Madrid finished 2014 on the crest of a wave, having set a new Spanish record of 22 straight wins, but less than two months later after a turbulent spell for the European champions, Ancelotti’s future is already being questioned.
The Madrid press have reported that club president Florentino Perez has been unhappy with Ancelotti’s preparation.
Yet speaking at a press conference on Saturday, Ancelotti responded: “I don’t think that my contract renewal depends on whether we win a trophy this season.
“At the end of the season I think it would be a good moment to talk about the renewal but if that doesn’t happen then it is not a problem as I have a contract until June 2016 and I am here to stay.
“My objective is always to win. When I arrived I knew that I had to win and in all the teams that I have trained the objective has been to win.”
Real have got back on track with victories over Deportivo La Coruna last weekend and Schalke in the Champions League but there is still an open wound following their 4-0 mauling by city rivals Atletico Madrid a fortnight ago.
Much of the attention after that defeat centred on the poor performance of Cristiano Ronaldo, and his subsequent birthday party, but the critics have since turned on Ancelotti.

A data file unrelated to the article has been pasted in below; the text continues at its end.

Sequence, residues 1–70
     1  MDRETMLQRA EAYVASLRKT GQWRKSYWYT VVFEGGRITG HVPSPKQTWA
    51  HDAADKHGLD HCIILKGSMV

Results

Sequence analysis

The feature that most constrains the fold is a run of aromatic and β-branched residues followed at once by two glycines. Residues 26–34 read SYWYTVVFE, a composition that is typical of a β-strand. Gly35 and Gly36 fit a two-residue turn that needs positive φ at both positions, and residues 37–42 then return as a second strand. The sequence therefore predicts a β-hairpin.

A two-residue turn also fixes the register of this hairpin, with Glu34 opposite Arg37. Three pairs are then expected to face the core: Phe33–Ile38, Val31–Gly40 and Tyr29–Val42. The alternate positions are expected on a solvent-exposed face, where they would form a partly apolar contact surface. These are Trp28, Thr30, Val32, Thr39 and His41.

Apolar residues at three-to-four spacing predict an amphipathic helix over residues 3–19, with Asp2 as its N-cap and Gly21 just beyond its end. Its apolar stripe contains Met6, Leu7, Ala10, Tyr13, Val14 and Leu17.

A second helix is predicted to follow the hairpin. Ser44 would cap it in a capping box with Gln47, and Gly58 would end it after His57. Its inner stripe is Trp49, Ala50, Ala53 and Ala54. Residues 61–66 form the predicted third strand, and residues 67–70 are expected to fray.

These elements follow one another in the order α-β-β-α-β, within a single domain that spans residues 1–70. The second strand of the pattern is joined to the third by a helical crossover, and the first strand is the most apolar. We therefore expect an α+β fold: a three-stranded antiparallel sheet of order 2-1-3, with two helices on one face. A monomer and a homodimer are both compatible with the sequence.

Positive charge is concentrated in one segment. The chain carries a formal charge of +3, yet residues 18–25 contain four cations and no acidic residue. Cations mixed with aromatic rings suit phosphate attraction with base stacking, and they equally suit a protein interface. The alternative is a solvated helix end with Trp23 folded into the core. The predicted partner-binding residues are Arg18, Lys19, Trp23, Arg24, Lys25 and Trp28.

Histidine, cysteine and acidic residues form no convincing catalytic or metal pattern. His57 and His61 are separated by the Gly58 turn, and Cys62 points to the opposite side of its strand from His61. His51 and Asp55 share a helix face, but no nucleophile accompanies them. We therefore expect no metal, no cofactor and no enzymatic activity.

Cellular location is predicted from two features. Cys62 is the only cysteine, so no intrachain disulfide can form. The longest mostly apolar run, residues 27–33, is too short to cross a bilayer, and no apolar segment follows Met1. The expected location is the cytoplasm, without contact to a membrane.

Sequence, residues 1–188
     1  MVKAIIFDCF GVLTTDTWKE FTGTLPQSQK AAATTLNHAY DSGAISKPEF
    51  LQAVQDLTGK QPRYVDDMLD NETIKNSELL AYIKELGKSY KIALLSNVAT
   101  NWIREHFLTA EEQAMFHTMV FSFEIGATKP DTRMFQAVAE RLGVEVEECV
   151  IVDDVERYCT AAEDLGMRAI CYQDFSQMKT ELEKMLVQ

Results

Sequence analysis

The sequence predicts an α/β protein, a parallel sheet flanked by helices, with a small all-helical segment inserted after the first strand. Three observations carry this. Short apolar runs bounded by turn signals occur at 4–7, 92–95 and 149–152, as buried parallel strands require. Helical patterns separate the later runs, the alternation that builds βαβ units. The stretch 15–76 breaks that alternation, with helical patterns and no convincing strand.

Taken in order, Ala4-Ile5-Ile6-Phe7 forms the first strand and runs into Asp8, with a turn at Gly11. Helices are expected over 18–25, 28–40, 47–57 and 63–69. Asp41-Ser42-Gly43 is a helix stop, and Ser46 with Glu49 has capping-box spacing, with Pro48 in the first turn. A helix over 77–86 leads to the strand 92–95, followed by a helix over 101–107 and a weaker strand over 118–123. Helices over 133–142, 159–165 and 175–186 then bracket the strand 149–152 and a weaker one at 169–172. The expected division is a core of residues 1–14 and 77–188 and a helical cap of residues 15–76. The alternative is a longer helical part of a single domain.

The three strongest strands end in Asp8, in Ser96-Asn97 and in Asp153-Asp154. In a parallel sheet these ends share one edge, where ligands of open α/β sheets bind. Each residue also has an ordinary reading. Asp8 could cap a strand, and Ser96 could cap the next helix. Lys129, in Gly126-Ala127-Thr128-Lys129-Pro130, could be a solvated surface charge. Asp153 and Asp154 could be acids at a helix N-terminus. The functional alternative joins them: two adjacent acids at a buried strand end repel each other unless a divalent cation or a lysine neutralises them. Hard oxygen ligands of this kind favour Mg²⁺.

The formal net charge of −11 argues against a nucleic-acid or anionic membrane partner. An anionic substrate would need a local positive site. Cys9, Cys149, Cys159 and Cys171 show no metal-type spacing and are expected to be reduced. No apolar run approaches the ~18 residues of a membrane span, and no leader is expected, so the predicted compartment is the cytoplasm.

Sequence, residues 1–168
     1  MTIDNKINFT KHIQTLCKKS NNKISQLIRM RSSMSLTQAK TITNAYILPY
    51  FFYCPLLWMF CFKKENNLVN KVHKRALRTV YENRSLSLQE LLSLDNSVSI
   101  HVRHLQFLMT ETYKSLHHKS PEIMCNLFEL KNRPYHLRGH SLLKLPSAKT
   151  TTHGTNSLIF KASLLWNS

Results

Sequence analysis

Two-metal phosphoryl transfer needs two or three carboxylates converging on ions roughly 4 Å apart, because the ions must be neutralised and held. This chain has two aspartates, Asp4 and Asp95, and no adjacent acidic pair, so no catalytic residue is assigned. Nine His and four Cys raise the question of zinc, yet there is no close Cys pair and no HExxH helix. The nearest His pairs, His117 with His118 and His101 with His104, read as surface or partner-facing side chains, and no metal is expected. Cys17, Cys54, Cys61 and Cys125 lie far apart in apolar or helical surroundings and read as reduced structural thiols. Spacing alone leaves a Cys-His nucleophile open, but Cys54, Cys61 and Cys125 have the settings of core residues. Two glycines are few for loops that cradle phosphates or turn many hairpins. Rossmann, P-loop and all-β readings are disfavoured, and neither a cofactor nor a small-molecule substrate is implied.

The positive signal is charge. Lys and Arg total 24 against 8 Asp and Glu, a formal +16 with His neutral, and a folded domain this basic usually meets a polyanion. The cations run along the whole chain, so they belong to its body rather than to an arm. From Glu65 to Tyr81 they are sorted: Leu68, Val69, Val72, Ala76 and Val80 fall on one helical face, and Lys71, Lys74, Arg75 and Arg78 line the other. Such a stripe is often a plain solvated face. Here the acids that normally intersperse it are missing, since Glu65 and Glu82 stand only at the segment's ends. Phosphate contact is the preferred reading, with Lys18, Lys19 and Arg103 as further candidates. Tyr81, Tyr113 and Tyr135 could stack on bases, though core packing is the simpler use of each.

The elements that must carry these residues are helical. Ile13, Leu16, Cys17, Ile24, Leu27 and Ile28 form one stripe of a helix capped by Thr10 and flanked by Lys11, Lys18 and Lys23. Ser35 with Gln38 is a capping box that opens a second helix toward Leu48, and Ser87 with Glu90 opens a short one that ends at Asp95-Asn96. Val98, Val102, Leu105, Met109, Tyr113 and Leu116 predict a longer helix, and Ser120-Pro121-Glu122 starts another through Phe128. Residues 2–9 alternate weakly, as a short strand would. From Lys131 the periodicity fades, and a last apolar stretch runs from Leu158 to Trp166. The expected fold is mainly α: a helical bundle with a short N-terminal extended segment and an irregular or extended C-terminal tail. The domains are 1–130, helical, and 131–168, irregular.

Madrid face Elche away on Sunday and may need a victory to stay top of the table if Barcelona, a point behind, beat Malaga on Saturday.
While Ancelotti remains very popular among the players, he does not have as strong a relationship with the board and Spanish newspaper El Pais claims Perez would prefer former coach Jose Mourinho, now at Chelsea.
Ancelotti was unusually animated when Marcelo scored the second in the victory over Schalke last Wednesday but denied it was due to criticism he had received.
“I decided to go on the pitch to hug Marcelo because he scored a goal with his right foot. It was to celebrate the goal and not for a personal reason,” said the Italian.
“There is a good relationship between us (in the dressing room). There is a lot of respect towards my work and that of the players.”
(Writing by Tim Hanlon; Editing by Ian Chadband)